Yet I experienced sometimes that the most sweet and tender, the most innocent and encouraging society may be found in any natural object, even for the poor misanthrope and most melancholy man. There can be no very black melancholy to him who lives in the midst of Nature and has his senses still. There was never yet such a storm but it was AEolian music to a healthy and innocent ear. Nothing can rightly compel a simple and brave man to a vulgar sadness. While I enjoy the friendship of the seasons I trust that nothing can make life a burden to me. The gentle rain which waters my beans and keeps me in the house today is not drear and melancholy, but good for me too. Though it prevents my hoeing them, it is of far more worth than my hoeing. If it should continue so long as to cause the seeds to rot in the ground and destroy the potatoes in the low lands, it would still be good for the grass on the uplands, and, being good for the grass, it would be good for me. Sometimes, when I compare myself with other men, it seems as if I were more favored by the gods than they, beyond any deserts that I am conscious of; as if I had a warrant and surety at their hands which my fellows have not, and were especially guided and guarded. I do not flatter myself, but if it be possible they flatter me. I have never felt lonesome, or in the least oppressed by a sense of solitude, but once, and that was a few weeks after I came to the woods, when, for an hour, I doubted if the near neighborhood of man was not essential to a serene and healthy life. To be alone was something unpleasant. But I was at the same time conscious of a slight insanity in my mood, and seemed to foresee my recovery. In the midst of a gentle rain while these thoughts prevailed, I was suddenly sensible of such sweet and beneficent society in Nature, in the very pattering of the drops, and in every sound and sight around my house, an infinite and unaccountable friendliness all at once like an atmosphere sustaining me, as made the fancied advantages of human neighborhood insignificant, and I have never thought of them since. Every little pine needle expanded and swelled with sympathy and befriended me. I was so distinctly made aware of the presence of something kindred to me, even in scenes which we are accustomed to call wild and dreary, and also that the nearest of blood to me and humanest was not a person nor a villager, that I thought no place could ever be strange to me again.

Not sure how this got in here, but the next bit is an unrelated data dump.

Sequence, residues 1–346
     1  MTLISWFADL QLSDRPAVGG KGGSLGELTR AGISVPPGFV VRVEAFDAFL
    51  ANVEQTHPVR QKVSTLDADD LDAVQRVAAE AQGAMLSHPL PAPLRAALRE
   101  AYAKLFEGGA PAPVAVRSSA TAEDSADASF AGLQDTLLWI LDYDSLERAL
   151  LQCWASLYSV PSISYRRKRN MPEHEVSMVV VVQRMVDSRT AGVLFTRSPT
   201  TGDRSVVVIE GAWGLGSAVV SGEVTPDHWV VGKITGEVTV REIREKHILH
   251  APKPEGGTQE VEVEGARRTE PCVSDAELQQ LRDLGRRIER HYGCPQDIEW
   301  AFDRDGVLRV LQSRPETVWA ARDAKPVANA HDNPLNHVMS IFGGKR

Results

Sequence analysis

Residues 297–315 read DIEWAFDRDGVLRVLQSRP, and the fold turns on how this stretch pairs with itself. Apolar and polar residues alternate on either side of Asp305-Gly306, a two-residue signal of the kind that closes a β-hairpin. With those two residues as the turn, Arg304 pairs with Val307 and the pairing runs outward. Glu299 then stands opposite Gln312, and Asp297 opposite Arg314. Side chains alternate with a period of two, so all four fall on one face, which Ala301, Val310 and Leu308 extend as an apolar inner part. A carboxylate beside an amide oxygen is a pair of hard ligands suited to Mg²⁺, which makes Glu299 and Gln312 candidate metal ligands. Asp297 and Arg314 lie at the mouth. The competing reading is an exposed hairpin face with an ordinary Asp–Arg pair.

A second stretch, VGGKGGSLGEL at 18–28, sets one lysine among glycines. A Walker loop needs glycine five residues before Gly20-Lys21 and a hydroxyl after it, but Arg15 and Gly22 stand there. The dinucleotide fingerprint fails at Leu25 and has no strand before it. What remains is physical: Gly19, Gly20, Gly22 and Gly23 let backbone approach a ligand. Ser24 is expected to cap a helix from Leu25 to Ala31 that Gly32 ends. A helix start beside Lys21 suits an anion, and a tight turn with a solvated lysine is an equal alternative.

"Mourning untimely consumes the sad;
Few are their days in the land of the living,
Beautiful daughter of Toscar."